I think you are kind of in a cycle where you hear a critique, you over-analyze it and take it personally, your anxiety and OCD tendencies increase further and then you are more likely to receive further complaints and criticisms and the cycle repeats. You've gotta break the cycle. Do that by making sure your own mental health is optimized and then developing an air of pleasant confidence which, while pleasant, also has the effect of decreasing people's opportunities to mess with you.

Anyway, hope you can somehow use some of these thoughts to your advantage.

Take good care of yourself and good luck to you ~

Peachpit

206 Posts

Some patients/family members are never going to happy no matter what you offer or do (or don't offer or don't do). In time you will learn, I hope, to not let that bother you. If YOU know you did a good job/all you could, then that is enough - even if it's not enough for someone else.

As far as coworkers, I have never been one to consider my coworkers friends. I am friendly to them of course and help them if they need help, but whether they like me or not, at the end of the day, I honestly don't care. It's a professional relationship and that's all. That is not to sound cold but like the previous poster stated, you need to, for your own sake, learn to separate yourself from patients, their families, coworkers in that you approach and respond as a professional and nothing more. You are not a caregiver/maid/personal assistant to them, you are a nurse.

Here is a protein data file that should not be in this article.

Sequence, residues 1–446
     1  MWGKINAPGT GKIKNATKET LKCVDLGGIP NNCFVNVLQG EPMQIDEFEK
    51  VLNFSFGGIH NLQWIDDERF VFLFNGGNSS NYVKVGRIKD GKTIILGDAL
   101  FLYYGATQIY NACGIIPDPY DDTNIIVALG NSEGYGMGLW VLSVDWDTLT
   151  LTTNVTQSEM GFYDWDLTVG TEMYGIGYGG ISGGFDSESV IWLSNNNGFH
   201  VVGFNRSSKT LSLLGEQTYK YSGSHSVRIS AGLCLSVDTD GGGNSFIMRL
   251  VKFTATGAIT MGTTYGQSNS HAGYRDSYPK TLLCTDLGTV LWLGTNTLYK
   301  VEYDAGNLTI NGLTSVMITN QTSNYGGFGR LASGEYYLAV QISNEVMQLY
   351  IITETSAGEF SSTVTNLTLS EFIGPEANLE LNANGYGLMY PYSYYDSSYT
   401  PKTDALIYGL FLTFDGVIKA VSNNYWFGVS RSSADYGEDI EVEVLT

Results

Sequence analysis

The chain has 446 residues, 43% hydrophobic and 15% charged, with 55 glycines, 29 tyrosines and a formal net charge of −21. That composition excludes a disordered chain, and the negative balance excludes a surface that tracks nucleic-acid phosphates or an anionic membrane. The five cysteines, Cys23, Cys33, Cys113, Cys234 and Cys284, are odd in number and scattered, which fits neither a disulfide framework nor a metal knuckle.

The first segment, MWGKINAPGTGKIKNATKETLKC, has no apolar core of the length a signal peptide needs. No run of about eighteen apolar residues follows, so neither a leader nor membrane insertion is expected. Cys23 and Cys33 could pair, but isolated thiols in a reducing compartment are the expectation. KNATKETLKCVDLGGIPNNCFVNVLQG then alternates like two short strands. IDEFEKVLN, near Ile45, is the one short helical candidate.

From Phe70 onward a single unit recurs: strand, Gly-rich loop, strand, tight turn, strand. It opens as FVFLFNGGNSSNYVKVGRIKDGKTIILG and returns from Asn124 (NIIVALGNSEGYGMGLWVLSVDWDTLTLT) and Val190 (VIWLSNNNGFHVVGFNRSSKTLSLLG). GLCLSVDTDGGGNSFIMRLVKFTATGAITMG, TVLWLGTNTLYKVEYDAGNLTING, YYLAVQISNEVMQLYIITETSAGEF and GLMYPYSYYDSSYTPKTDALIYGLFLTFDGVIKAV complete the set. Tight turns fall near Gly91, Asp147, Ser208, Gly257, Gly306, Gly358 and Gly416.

As far as your anxiety/OCD, it sounds like you definitely need to get some professional help with it if possible. As the other posters said, you need to take care of yourself first and everything else will fall into place.

As far as your supervisors, they are poor managers if  they are calling you into the office to discuss issues they have no basis for other than something someone said versus facts. It sounds like part of the problem where you work is the management.

Please do not let a handful of patients, families or managers keep you for moving forward (even if that means moving onto another position). Some people are only happy when they are making others miserable and not everyone in a leadership position is a leader.

You sound like a very caring, dedicated nurse. Keep that part of yourself but set some boundaries, never be afraid to stick up for yourself and you will do just fine.